Which Long-Absent "Arrow" Character Is Returning in Season 5?
Writer Justin Aclin has looked forward to today, as his Dark Horse miniseries S.H.O.O.T First comes to a conclusion with the release of the fourth issue. Four happens to be the magic number on more than one level, as Aclin notes that the storyline has been in development for four and a half years.
However, the end of the miniseries doesn’t mark the end of Aclin and artist Nicolás Daniel Selma‘s adventures with the S.H.O.O.T. First team. In fact, Aclin provided ROBOT 6 with a peek at art from the upcoming arc Dark Horse Presents, which in March with Issue 24.
As Aclin described it, “This page is the first time we’re showing art from the upcoming Dark Horse Presents story. Part 1 takes place 10 years in the past, where an earlier version of the team confronts a giant snake Outside Actor in the Everglades. You can see a younger Lord Byron taking aim here.”
Tim O’Shea: The final issue of the S.H.O.O.T First miniseries comes out today. How good does it feel to be finally able to get the finish line on this story arc?
Justin Aclin: This storyline has been in development for four and a half years, so it’s thrilling and surreal to see it finally make its way out to readers. I found it unexpectedly emotional to write the final pages with these characters, but that was mitigated a little bit by finding out we’d be getting to do a story with them in Dark Horse Presents, so I was really only not writing them for a couple of weeks in between.
Over the course of developing this miniseries, did any characters grow on you more than you might have initially expected them to when you first created them?
I think that Bett is the character that snuck up on me the most. She’s got a lot of moving parts to her — time-displaced Victorian, taken under the wing of a punk nihilist in modern times, has a unicorn horn she fights with — that don’t necessarily add up to a character, and probably could have added up to a train wreck of a character. But she’s the character who most revealed hidden depths to me. I think you see it when she has her conversation with Infidel in Issue 2, and when she learns the truth about her past in issue 3. That said, I love all the characters, of course. I was just expecting to love most of them.
When you embarked on a story with secular humanists as the heroes, did you expect to hear any protests from religious consumers? In fact have you heard from any folks dismayed with the plot of the miniseries on philosophical or spiritual grounds?
I was expecting to hear protests from religious people, and instead what I’ve mostly heard if protests from atheists, oddly. I think that when they do a cursory reading of what the series is about, it sounds to them like I’m somehow trying to discredit atheists or make them look ridiculous, and that’s clearly not the point. I started this series with a question I needed to answer for myself, which was, “Now that I’ve come to accept that there’s nothing after death, what do I believe in that brings meaning to life?” I think it comes from a very authentic secular place, but maybe just not the secular place that a lot of atheists on the Internet have come to expect.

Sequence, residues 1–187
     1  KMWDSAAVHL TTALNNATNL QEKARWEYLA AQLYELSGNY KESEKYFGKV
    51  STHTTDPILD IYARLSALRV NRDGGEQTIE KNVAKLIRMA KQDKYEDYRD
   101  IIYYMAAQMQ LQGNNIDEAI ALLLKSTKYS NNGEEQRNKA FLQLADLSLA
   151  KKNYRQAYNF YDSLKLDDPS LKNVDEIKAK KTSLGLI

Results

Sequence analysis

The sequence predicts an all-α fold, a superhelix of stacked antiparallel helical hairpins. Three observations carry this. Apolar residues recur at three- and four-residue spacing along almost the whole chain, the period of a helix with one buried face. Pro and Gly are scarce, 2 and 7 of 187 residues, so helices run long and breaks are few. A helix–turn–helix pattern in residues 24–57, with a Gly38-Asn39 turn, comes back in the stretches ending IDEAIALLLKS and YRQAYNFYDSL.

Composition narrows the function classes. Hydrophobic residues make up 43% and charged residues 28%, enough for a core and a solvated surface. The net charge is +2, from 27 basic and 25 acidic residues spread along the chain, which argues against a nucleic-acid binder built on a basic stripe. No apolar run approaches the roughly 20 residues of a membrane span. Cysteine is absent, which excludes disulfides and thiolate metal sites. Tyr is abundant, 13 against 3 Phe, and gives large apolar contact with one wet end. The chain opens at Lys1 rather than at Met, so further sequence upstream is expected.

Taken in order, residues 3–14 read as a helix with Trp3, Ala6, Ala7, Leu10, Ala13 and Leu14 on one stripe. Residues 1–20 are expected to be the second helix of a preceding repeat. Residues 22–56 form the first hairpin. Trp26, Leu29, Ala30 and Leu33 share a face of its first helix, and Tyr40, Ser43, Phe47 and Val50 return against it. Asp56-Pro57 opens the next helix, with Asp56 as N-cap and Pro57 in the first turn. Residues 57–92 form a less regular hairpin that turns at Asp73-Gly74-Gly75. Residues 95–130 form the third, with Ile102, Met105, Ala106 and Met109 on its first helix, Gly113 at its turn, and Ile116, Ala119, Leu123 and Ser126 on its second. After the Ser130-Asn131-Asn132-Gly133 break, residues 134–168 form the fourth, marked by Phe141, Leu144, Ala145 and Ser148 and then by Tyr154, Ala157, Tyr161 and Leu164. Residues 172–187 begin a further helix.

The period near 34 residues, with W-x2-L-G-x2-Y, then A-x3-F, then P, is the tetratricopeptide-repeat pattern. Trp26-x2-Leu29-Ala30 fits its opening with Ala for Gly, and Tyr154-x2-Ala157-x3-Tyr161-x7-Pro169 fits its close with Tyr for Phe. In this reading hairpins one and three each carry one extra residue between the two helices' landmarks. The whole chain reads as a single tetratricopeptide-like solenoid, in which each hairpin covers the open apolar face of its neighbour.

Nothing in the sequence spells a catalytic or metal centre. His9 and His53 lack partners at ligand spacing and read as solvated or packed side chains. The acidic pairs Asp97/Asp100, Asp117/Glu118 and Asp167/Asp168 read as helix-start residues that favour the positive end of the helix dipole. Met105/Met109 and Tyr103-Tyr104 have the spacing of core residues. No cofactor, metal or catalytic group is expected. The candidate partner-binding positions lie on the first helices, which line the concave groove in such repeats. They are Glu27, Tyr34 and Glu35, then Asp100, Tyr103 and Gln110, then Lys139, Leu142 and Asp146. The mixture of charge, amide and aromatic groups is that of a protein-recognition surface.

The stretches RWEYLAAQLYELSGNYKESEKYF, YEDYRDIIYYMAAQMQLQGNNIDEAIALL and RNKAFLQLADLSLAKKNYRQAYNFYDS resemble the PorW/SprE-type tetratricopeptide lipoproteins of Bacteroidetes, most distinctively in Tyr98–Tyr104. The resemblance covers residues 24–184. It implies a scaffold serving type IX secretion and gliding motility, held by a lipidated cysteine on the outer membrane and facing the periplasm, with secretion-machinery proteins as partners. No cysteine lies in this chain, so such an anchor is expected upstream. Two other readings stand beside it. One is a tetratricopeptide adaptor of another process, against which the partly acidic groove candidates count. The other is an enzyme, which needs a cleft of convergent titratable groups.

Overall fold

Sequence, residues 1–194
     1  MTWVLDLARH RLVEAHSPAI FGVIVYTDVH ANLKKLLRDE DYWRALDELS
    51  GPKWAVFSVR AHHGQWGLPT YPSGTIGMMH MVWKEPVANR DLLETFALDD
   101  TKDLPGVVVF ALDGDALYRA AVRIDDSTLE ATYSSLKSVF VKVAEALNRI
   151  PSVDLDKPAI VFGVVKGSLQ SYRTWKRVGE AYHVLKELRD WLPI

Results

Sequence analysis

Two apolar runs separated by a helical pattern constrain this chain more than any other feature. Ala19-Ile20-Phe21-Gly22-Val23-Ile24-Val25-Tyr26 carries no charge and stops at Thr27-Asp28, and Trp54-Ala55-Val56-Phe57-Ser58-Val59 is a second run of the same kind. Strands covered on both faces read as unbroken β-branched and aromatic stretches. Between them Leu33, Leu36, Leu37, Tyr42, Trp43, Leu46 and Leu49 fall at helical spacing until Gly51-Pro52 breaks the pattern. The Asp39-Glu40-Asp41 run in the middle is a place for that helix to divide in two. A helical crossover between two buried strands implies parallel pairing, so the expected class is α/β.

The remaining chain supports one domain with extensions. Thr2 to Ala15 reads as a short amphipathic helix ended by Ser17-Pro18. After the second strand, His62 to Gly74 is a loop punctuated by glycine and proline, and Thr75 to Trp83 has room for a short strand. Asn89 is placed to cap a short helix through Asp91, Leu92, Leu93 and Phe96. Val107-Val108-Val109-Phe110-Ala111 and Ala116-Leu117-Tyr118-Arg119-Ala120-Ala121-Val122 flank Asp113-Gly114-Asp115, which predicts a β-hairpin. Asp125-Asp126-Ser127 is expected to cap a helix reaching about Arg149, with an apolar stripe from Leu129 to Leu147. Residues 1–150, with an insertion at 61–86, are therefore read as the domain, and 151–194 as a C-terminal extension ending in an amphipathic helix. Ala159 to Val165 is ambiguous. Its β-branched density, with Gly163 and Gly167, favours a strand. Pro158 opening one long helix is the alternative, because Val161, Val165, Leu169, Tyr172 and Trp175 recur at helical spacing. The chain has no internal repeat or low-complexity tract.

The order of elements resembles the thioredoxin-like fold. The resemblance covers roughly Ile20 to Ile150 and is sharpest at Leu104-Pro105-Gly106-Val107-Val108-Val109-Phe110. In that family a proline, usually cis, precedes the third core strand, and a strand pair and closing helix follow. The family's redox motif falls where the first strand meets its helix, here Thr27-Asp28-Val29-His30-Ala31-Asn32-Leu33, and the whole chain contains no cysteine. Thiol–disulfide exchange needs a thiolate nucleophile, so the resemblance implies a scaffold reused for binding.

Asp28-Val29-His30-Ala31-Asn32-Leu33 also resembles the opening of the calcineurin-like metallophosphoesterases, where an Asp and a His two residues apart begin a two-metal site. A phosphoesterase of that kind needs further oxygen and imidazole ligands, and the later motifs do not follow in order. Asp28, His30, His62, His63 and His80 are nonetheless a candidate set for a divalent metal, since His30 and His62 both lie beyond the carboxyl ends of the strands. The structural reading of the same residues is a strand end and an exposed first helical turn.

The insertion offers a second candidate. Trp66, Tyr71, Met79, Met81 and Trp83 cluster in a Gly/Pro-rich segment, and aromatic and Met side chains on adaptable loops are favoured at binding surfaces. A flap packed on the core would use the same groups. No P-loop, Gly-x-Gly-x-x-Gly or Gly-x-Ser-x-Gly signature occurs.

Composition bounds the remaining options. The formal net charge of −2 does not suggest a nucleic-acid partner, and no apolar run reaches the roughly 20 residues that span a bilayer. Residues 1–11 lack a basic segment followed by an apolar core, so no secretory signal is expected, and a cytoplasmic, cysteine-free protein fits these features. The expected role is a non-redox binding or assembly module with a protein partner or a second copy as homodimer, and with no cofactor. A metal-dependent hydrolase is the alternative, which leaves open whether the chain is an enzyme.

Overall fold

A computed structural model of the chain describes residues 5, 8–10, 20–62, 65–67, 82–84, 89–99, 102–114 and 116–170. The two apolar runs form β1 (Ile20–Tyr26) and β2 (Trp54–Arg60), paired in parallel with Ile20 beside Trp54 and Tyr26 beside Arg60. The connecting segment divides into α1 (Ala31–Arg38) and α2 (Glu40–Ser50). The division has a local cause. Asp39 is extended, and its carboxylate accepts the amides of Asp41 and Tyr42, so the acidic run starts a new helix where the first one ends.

Much of the intrigue of this miniseries focuses on Mrs. Brookstone and Ray, but you were able to explore some major plotlines with the remainder of the team as well. How challenging was it to work all of that in, yet in the span of four issues?
I knew that I didn’t want to leave anything on the table in case we did not get to do another miniseries, because there are no guarantees. So we tell a lot of story in these four issues. I’ve said before that if this were an ongoing series, the events of the miniseries would probably play out over at least 12 issues, if not more. And it was very challenging to get that all into 88 pages without making it feel overstuffed, but I’m really happy with the story we were able to tell. I think every character has an arc, and I think when people sit down to read it in one sitting, it’s going to feel like a full and satisfying story, hopefully.
What have you most enjoyed about collaborating with artist Nicolás Daniel Selma?
Other than the fact that he’s a delightful human being, Nico’s a crazy-talented artist. And he’s about to break out in a huge way as the artist of Dark Horse’s Tomb Raider ongoing with writer Gail Simone! But Nico brought brilliantly inventive character design to this series, plus solid storytelling that helps ground some of the outlandish concepts in a way that’s easy to understand. He and our colorist, Marlac, did incredible work.
Am I right in thinking you hope to tell more stories with these characters (far beyond even the upcoming Dark Horse Presents story)?
Nico and I have every intention of doing more stories with these characters. I just need to figure out what those stories are going to be! Without getting too heavily into spoilers, we take the old comic book cliche “nothing will ever be the same after this issue!” and make it 100 percent true in Issue 4. The status quo is completely overturned by the end of the book. Luckily, I started writing S.H.O.O.T. First with a question I didn’t know the answer to, and that’s how I’ll start writing any potential sequels as well.
As you mentioned, the next time you’ll see these characters is in Dark Horse Presents #34-36, starting in March. The whole creative team is back for a story that takes place 10 years before the series, in between issues of the series and then after the main action of the series, so it will give you a little more insight into what the future may hold.